But if it's 0% they don't pay any, do they?


Re: Obscene

Yes, it is by design, by armies of lawyers employed by extremely wealthy people. Sorry to be such a doom-monger but the entire system of tax/law/government/media has become completely corrupt.

Sadly, there does not appear to be any way to change it either. The political system has been bought wholesale by corporate interests. They control government policy and the media. The only 'debate' to be seen is on minority rights issues - ok, that's important, but the real, taboo (for the media) issue is the fact that we now live in an oligarchy.


Great news!

Some of that €13,000,000,000 will 'trickle down' to the poor. That's how it works... right?

You're testing them wrong: Whiteboard coding interviews are 'anti-women psychological stress examinations'


Re: Interview questions

Modern job interviews are indeed rude and aggressive. They seem to have evolved so that part of the point is to entertain the interviewer(s) at the expense of the interviewee. Since the 70s, when arguably the unions had too much power, the pendulum has maybe swung too far the other way (Personnel became HR, now = management goons etc.).

It's all part of the widening power gradient between employer and employee. E.g. stupid questions like "Why do you want this job?" "Where do you see yourself [at some future point]?" "Describe a situation when you've had a disagreement..." HOW ABOUT NOW, DICKHEAD!


Problem-solving interviews are not necessarily a bad thing

This whiteboard test sounds dodgy, but I wish all interviews just consisted of some technical/physical/mechanical test relevant to the job being applied for.

Most jobs are easy - the interview's the hard part. Actual ability is far less help in an interview than ability to bullshit (this also explains why so many managers are tools).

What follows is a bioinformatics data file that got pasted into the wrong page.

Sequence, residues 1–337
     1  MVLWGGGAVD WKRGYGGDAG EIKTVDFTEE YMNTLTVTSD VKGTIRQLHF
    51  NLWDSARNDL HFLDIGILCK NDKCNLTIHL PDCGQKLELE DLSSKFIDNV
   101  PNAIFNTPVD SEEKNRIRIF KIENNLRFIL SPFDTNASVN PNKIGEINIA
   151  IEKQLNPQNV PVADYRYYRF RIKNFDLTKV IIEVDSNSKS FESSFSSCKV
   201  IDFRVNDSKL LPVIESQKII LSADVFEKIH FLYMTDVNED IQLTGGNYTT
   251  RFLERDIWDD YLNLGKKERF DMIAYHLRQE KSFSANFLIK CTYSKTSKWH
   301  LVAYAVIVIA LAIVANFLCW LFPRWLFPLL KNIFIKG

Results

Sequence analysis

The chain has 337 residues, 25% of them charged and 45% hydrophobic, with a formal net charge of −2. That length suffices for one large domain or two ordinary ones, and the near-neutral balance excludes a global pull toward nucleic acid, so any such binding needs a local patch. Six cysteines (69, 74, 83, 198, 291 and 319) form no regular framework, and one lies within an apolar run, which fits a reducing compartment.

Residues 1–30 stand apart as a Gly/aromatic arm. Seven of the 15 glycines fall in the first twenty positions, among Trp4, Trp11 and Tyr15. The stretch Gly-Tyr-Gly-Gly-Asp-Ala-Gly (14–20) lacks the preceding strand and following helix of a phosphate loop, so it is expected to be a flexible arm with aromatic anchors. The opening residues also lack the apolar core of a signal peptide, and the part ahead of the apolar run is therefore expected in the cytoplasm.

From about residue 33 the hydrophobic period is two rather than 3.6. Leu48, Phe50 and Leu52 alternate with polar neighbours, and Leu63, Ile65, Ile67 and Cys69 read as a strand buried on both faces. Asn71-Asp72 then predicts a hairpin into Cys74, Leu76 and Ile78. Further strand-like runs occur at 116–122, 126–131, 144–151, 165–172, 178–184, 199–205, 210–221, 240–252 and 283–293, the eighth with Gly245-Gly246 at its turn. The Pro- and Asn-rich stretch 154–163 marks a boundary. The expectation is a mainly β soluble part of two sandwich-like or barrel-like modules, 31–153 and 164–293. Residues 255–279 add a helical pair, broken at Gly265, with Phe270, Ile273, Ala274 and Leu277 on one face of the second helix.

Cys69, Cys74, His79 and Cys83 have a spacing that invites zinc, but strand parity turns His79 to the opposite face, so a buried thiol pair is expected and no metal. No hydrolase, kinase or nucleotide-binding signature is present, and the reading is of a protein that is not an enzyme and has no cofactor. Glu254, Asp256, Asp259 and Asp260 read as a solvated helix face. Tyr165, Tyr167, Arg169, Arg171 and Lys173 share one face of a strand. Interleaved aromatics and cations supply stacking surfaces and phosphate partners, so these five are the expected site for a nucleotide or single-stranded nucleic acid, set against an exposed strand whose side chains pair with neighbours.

Trump gloats, telcos weep, and China is furious: How things stand following UK's decision to rip out Huawei


Must be a bad move

I was unsure what view to have on this issue until, as so often, I was convinced by listening to Iain Duncan Smith - to believe the opposite of whatever he said.

Barclays Bank appeared to be using the Wayback Machine as a 'CDN' for some Javascript


Banks are not secure but

This sort of thing, and much worse, is probably rife. It's likely that cyber criminals are stealing vast sums of money, but if the banks went public they would only scare their customers, so instead they simply reimburse the money and no one is any the wiser.

They are able to do this because they can basically 'magic up' money from thin air. That's the crazy truth at the heart of the banking system, which very few people seem to realise or maybe just can't bring themselves to believe.

If you buy a house, you (would usually) borrow the money from a bank. The bank then presses some buttons on a computer. Over the years, you pay them back actual money. Ok, it didn't start out like that but that's how it works now (i.e. the money is all just numbers on computers). Despite all that, if they somehow do manage to go titsup, they get bailed out anyway, as they're 'too big to [be allowed to] fail'.

MIT apologizes, permanently pulls offline huge dataset that taught AI systems to use racist, misogynistic slurs


Re: mixed emotions

Yes, that bot was 'Tay' in 2016. It only exposed some of the limitations of AI. The problem starts when meatbags start expecting human behaviour from computers. Aint gonna happen, ever.